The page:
Unless you're hitting A.C.T. or Berkeley Rep, it's a bit tough to find good theater to go to on a Wednesday night. Right now (and at least through early April), however, you're in luck: Tim Barsky and Everyday Theater's has meandered from Epic Arts's space in Berkeley to TJT in San Francisco and then back to the east bay with TJT to the Julia Morgan, and now it's landed for an extended run on Wednesday nights only at the Oakland Metro, a performance space that more commonly features live music. Which is just fine for Bright River, because the musical aspect of this show is nothing short of breathtaking. And don't get us wrong -- the storytelling aspect is great, too.

Tim Barsky, who wrote the piece and is its main performer, does a mostly wonderful job. The show is a retelling of The Inferno -- but don't worry: if you haven't read it (and this SFist contributor hasn't), you'll still appreciate the story. Barsky has adapted it to bring in elements of Jewish storytelling, and to that end he's marvelously successful. At times the show seems more about flight than being on a river, as Barsky gathers speed and is suddenly aloft, delivering the story with rhythms and tones of intense Jewish prayer and a little bit of Kabbalistic symbolism (without any Madonna/Esther references, PTL).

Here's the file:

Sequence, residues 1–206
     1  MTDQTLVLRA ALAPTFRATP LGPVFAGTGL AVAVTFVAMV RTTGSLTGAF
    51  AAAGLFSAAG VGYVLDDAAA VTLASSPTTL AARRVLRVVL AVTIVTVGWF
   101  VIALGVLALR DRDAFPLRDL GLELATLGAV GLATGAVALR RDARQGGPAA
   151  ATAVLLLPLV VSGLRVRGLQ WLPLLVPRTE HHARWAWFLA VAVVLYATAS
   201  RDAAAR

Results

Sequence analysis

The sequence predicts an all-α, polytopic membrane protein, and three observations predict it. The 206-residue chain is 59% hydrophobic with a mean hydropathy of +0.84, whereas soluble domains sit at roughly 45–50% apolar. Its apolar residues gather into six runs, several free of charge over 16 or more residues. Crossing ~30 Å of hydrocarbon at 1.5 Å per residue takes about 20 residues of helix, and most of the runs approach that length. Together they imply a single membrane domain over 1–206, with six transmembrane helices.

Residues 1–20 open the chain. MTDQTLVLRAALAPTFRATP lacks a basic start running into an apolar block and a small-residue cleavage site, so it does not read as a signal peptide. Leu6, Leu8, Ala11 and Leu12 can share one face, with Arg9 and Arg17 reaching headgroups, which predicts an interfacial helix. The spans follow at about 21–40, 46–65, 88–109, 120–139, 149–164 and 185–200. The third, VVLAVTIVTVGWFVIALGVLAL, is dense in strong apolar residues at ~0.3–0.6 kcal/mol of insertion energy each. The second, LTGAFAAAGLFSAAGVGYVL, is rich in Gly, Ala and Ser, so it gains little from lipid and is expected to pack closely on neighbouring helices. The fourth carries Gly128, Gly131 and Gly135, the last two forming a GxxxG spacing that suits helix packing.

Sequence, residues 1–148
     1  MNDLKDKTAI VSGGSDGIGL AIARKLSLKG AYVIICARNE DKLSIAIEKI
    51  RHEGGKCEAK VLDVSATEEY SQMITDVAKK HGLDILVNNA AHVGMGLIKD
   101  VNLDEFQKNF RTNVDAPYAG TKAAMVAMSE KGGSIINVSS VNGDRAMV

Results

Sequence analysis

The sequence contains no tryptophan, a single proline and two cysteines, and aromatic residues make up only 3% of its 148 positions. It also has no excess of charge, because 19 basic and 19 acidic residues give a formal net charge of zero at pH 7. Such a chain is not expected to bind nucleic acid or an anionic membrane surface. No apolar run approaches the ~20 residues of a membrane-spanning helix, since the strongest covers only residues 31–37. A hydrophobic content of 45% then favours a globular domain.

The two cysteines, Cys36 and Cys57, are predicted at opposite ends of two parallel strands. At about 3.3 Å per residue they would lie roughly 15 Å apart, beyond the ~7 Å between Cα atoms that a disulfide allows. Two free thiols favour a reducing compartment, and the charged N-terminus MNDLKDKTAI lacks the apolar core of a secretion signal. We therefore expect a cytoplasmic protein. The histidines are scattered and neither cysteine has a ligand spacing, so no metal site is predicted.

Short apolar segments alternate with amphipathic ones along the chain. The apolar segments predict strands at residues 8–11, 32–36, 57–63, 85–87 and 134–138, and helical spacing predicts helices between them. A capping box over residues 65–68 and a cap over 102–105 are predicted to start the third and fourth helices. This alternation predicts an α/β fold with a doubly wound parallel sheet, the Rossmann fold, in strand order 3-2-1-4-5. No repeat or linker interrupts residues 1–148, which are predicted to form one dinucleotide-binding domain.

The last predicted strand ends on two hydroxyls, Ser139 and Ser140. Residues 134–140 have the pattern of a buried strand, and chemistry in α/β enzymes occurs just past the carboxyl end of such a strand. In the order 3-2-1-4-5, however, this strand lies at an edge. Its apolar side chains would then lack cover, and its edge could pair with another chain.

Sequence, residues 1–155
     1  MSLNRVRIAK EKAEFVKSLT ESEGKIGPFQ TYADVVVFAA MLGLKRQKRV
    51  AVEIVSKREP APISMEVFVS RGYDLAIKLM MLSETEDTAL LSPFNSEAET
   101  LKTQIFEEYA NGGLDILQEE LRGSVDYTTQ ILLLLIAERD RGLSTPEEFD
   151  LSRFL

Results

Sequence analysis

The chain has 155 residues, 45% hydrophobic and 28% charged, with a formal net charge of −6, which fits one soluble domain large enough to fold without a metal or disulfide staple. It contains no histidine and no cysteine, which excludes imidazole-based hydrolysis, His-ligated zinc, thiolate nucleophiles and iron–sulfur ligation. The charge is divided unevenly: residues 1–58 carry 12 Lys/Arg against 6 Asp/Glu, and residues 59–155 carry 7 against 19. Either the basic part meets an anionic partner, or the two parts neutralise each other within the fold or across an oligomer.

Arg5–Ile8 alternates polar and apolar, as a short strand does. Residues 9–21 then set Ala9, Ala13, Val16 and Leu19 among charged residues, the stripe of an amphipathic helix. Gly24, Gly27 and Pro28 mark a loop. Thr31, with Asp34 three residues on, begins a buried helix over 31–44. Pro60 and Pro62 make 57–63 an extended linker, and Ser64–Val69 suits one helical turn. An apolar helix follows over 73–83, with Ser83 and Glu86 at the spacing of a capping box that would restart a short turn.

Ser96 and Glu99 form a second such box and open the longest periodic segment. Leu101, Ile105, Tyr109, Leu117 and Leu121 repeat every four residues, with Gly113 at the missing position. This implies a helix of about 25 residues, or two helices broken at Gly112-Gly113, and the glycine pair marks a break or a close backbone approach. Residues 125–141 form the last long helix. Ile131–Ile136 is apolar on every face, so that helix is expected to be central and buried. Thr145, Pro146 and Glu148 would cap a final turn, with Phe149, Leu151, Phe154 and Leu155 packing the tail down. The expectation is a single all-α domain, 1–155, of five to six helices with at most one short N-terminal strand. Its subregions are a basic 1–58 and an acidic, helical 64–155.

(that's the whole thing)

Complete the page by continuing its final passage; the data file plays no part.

More detailed thoughts after the jump.

The Bright River